Following US-guided injection, each specimen was carefully dissected using a 3.5× magnification lens. The skin, subcutaneous tissue and deep fascia were removed from the thigh. Next, the sartorius was carefully reflected laterally to visualize the VAM. While maintaining the integrity of the VAM, the gracilis, adductor magnus, adductor longus, vastus medialis and rectus femoris were exposed. Next, the VAM was carefully reflected to reveal the underlying neurovascular bundle proximally and the aponeurosis of vastus medialis obliquus (VMOA) distally. The full extent of the dye spread was defined and documented. Next the nerve to vastus medialis (NVM), superior medial genicular nerve (SMGN), saphenous nerve (SN), anterior and posterior division of obturator nerve (ON) and genicular branch of obturator nerve (GBON) were traced to their termination. The course and relationship of each nerve was carefully documented in relation to the adductor canal. This was followed by an assessment of nerve staining in each specimen. Photographs were taken throughout the dissection process. The capture rate of each nerve was quantified as a percentage and analyzed using descriptive statistics.
In all specimens, the dye was found to stain the deep surface of sartorius, VAM, VMOA, adductor canal and posteromedial branch of NVM lying between the fascia and muscle belly of the vastus medialis (figure 2).
Minimal dye spread to the following regions was observed in all specimens: (1) distal femoral triangle (figure 3); (2) posteromedial aspect of vastus medialis muscle (figures 4B and 5), with the exception of one specimen where anterior dye spread was significant (figure 6); and (3) through the adductor hiatus into the superomedial part of the popliteal fossa (figure 7A), with the exception of one specimen where popliteal fossa dye spread was extensive (figure 7B).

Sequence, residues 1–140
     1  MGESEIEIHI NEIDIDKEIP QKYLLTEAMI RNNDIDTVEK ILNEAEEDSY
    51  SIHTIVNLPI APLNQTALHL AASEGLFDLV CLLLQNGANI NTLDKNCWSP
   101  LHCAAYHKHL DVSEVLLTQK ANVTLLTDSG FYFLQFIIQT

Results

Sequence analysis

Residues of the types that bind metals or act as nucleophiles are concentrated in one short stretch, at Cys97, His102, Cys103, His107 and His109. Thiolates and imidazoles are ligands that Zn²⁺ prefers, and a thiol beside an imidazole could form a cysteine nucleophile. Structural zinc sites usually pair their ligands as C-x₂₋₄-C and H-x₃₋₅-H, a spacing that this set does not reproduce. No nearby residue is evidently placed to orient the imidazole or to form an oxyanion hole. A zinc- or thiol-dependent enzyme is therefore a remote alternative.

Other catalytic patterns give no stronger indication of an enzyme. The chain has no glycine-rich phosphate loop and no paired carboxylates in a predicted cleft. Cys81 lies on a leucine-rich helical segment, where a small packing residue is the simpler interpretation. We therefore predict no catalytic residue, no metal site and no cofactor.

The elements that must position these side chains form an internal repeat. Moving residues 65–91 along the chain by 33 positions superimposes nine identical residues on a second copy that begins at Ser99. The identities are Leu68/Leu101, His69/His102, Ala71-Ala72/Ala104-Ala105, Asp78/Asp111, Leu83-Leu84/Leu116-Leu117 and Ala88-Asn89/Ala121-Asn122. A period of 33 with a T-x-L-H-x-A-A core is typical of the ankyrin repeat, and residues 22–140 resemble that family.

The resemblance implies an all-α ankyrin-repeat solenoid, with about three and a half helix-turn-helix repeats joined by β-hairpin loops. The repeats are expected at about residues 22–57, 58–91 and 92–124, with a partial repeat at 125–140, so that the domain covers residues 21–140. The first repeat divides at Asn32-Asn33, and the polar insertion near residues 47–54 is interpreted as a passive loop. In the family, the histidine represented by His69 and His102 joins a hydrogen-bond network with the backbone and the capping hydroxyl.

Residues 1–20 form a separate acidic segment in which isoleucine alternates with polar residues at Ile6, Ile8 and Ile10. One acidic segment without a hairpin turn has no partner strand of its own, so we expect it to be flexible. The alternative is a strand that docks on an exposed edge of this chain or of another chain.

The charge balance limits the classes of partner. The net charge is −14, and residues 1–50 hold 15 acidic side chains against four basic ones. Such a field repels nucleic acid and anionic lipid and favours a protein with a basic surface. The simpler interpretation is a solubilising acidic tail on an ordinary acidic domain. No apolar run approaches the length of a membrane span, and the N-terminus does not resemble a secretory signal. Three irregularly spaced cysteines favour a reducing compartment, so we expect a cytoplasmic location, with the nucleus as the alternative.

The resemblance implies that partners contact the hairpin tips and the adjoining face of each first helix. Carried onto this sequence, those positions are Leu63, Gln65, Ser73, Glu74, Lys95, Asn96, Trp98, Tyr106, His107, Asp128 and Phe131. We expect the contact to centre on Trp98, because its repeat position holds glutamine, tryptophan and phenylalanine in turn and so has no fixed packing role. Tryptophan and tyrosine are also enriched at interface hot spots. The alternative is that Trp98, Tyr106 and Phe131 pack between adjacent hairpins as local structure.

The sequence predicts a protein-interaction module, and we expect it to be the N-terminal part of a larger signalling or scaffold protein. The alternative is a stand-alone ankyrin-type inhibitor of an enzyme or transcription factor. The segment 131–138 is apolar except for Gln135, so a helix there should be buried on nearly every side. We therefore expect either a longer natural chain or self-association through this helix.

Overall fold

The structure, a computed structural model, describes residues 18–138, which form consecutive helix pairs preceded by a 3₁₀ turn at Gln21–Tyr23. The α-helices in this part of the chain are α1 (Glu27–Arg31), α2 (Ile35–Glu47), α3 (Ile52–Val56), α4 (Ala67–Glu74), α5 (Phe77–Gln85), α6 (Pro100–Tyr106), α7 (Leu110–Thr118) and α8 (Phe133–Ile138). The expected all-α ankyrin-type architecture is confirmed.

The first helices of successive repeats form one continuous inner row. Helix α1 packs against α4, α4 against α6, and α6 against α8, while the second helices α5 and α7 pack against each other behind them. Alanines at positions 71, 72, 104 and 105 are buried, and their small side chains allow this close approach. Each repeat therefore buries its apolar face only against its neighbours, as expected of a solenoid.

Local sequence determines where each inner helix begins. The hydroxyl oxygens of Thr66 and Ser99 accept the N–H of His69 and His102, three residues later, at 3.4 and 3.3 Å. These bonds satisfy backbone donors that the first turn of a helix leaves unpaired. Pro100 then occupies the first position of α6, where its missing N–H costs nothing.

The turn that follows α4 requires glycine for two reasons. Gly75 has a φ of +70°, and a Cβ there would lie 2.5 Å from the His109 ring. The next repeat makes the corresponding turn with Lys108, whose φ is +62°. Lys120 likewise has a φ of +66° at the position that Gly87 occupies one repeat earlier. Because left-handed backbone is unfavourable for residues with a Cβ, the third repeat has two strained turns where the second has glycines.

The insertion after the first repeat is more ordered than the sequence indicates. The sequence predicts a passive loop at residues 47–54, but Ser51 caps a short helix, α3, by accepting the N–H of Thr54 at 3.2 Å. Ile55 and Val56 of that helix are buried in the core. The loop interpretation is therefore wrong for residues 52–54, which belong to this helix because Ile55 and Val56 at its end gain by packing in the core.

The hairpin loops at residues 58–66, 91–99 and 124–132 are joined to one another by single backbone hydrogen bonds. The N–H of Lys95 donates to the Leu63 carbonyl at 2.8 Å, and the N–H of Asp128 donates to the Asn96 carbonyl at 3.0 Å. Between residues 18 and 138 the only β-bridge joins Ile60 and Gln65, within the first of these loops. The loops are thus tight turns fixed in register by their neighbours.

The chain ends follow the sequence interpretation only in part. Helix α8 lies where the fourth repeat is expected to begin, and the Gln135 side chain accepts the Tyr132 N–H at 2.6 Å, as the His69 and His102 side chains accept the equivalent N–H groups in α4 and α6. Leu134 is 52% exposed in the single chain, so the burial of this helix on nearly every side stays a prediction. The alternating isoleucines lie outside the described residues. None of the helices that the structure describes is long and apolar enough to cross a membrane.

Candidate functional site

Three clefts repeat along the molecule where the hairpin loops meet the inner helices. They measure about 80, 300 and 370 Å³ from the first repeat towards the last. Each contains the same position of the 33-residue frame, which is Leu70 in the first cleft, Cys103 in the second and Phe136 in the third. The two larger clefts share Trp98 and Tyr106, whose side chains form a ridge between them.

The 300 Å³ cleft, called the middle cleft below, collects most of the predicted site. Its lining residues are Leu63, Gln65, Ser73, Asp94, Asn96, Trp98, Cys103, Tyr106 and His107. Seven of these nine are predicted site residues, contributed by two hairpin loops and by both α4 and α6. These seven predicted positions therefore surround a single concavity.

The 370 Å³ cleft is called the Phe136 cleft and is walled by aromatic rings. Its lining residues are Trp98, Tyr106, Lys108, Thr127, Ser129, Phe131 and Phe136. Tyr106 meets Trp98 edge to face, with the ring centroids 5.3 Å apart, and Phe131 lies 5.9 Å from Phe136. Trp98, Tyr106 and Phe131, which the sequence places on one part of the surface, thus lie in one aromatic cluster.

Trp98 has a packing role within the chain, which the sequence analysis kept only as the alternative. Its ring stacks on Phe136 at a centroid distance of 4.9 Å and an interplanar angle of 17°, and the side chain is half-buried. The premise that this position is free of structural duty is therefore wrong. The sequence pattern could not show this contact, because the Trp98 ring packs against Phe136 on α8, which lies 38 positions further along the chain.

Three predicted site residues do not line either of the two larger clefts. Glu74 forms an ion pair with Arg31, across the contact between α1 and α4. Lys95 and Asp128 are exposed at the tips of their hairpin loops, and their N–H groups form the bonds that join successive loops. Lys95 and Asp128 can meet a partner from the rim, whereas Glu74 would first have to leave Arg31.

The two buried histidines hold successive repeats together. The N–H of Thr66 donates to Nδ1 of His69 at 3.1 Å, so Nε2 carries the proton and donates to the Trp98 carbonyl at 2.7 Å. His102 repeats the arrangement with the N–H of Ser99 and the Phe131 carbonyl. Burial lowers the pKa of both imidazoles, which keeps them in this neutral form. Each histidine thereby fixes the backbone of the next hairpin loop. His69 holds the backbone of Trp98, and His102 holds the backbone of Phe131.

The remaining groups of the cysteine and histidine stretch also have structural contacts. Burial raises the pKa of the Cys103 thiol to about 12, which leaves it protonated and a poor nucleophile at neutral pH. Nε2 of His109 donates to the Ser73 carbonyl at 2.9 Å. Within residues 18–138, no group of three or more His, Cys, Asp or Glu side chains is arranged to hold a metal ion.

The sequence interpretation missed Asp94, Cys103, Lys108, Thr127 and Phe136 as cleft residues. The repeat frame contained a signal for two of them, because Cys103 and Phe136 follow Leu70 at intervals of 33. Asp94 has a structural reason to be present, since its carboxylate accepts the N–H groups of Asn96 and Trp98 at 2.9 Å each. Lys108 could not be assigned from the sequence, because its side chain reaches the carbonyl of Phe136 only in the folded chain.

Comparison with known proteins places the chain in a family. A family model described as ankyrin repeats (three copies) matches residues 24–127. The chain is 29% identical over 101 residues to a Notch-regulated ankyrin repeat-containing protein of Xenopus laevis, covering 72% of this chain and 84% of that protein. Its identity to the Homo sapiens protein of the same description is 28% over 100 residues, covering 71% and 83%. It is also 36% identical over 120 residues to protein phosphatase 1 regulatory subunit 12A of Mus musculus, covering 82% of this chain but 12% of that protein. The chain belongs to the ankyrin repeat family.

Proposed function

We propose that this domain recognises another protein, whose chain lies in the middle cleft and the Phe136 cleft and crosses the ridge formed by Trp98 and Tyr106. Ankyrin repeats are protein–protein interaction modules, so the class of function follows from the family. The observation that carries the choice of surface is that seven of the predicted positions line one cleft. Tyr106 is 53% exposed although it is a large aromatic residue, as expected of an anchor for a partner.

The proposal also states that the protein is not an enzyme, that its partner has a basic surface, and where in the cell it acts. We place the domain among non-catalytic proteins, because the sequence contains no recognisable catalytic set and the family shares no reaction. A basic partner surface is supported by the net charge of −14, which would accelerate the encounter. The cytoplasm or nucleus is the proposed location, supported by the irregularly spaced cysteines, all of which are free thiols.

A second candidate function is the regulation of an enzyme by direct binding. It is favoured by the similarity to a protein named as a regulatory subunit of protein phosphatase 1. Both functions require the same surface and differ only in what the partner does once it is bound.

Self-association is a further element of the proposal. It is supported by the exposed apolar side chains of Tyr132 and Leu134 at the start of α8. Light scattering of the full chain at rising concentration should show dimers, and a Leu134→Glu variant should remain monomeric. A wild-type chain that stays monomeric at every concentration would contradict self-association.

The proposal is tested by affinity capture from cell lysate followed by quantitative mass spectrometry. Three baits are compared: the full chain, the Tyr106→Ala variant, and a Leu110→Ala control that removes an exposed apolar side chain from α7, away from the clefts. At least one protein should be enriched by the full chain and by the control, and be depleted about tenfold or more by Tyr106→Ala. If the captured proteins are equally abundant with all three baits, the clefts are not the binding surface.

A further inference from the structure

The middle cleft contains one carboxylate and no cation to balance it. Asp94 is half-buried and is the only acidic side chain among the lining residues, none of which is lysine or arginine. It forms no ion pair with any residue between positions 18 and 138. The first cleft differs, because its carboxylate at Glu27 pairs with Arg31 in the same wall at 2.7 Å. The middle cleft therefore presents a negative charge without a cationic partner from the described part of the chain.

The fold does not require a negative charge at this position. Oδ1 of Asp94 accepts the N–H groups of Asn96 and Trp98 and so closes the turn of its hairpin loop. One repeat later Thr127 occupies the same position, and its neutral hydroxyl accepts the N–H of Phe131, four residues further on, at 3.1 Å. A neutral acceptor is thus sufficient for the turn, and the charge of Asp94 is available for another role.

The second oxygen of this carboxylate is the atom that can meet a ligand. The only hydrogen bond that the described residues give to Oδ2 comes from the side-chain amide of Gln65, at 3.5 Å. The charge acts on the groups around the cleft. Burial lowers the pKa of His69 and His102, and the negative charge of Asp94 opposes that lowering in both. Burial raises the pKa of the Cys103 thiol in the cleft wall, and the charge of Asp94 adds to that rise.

The VAM could be visualized in its entirety, deep to sartorius, with the SN piercing it distally close to the adductor magnus tendon (figure 2C). Following removal of VAM, the proximal SN, posteromedial branch of NVM, SMGN and VMOA could be visualized (figure 5C). The SN, proximally, was enveloped with the femoral artery and vein in a thin fascial covering as it coursed through the proximal adductor canal. In the distal adductor canal, the SN first traveled deep to the VMOA then pierced the aponeurosis and VAM, with the saphenous branch of the descending genicular artery, to continue distally along the posteromedial aspect of the knee joint deep to sartorius (figure 5C). The NVM, originating from the femoral nerve, was found to give rise to numerous branches deep to the fascia of vastus medialis muscle (figure 3). The posteromedial branch divides distally at the VMOA into the SMGN and numerous branches to the vastus medialis obliquus (figure 5). At the proximal adductor canal, the posteromedial branch of NVM, including the SMGN, was found to be separated from the contents of the adductor canal by the thin fascia of the vastus medialis which blends with the VAM anteriorly (figure 4B).